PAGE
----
Using branching anagrams to divine words was pioneered by Stanley Collins. The first to apply this method to the divination of a spectator's astrological sign was John Sherwood, who published his “Psychic Astrologer” in The New Tops, Vol. 17 No. 2, Feb. 1977, p. 32. Sherwood's approach was somewhat indirect, as he used a branching-anagram system to determine the month of birth, after which he took a calculated gamble on the spectator's astrological sign.
Six years later, Sam Schwartz refined the procedure as one of the tests—“Incredi Test #1”, p. 17—built into his marketed book test, “Astrology: The Hidden Force”, released in 1983. Schwartz's anagram method was more sophisticated and better concealed than Sherwood's but still didn't apply the anagram system directly to the astrological signs. Instead, it used used twelve key words, each associated with a sign, which the spectator looked up in a specially printed book on astrology. The word for the characteristic cued the correct sign.
After seeing Schwartz's test, Bob Farmer took the leap of eliminating intervening steps and a special book, and created a branching anagram system that led directly to the spectator's sign of the zodiac. Farmer planned to combine this divination with a system for generating an “automatic” cold reading that used eleven “personality” cards and twelve astrological-sign cards. The cold-reading system was never worked out to his satisfaction. He recorded his system in January 1986 in a private notebook, calling the entry “Astrological Cold Reading for the Lazy: Fate Accompli”. He shared the idea with a limited group of friends. Among those friends was Max Maven, who told T. A. Waters the general premise of Farmer's idea.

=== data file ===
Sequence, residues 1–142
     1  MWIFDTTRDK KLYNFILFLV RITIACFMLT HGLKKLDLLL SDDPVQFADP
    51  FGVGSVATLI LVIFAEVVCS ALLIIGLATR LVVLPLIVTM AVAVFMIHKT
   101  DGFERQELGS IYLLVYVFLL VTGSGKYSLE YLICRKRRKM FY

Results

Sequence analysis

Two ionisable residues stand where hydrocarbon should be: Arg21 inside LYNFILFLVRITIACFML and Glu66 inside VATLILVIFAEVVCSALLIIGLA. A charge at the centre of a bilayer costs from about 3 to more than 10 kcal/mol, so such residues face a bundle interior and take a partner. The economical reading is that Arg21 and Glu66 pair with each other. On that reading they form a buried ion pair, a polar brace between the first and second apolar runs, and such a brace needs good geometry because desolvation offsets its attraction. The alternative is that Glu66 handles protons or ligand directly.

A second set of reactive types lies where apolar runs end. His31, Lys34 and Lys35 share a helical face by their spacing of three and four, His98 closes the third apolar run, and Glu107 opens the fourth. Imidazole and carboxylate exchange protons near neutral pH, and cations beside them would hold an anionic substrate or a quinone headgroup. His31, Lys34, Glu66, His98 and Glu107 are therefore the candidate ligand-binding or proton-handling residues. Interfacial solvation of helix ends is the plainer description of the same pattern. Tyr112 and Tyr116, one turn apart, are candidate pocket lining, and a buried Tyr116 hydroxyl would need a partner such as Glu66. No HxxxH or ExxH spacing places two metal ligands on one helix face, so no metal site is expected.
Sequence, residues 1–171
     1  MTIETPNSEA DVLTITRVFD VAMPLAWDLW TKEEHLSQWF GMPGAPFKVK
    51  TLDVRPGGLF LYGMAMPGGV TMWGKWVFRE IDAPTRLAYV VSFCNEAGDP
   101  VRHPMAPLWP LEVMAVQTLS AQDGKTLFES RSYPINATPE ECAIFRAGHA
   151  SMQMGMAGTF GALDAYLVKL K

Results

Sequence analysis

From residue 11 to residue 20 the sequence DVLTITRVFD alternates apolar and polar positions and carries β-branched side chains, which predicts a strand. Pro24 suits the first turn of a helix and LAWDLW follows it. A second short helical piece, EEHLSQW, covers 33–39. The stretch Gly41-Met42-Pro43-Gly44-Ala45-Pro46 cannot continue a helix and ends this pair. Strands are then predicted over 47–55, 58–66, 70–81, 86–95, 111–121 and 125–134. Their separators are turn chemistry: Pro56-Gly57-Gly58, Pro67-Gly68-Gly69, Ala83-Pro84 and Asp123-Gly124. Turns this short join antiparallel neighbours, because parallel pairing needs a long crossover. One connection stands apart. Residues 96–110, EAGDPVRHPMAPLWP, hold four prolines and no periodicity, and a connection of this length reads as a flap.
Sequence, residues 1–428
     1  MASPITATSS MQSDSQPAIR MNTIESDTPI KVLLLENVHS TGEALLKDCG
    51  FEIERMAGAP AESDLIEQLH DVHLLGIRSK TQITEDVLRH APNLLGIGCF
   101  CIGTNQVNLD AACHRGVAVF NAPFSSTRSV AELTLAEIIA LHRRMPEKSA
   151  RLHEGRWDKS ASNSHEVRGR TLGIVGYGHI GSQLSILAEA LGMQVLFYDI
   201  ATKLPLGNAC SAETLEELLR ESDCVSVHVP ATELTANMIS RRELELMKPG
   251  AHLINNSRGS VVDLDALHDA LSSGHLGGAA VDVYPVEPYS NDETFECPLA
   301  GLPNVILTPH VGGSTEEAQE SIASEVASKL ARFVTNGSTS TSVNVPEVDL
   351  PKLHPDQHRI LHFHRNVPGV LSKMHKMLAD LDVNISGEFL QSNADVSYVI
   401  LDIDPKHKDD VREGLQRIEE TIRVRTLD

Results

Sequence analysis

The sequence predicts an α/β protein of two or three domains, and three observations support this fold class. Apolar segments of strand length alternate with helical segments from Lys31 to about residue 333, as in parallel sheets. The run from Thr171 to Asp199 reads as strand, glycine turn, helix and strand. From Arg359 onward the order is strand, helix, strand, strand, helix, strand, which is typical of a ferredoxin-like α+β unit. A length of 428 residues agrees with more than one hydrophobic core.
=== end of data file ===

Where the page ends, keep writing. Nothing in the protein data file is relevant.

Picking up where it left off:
Around January 1987, Ray Grismer marketed his anagram approach for divining an astrological sign, which he called "What's Your Sign?" By February 1988, he changed the name of the trick to “What's My Sign?”, by which it was known from then on. Grismer was at that time unaware of Farmer's previous work on the subject.
The appearance on the market of “What's My Sign?” prompted T. A. Waters to contribute his anagram system for the divination effect, “Signse”, to The New Invocation, No. 39, July 1987, p. 469. Waters had worked out this system shortly after hearing of Farmer's idea but before having seen the details of his approach. The Grismer and Waters systems are different in their approaches to Farmer's and to each other. Waters recalled having shown his system to a few friends in early 1986 at the Magic Castle, one of whom was Ray Grismer. Grismer had an entirely different memory of events; he recalled demonstrating his system to Waters in the Hollywood Magic Shop around the same time. Grismer and Waters were friends and both were known to be scrupulous about proper crediting. Each remained convinced of his memory of events in this matter to the end. At times, Grismer and Waters have each been incorrectly credited with being the first to apply a system of branching anagrams directly to the names of astrological signs. That credit belongs to Bob Farmer.
See also Anagrams.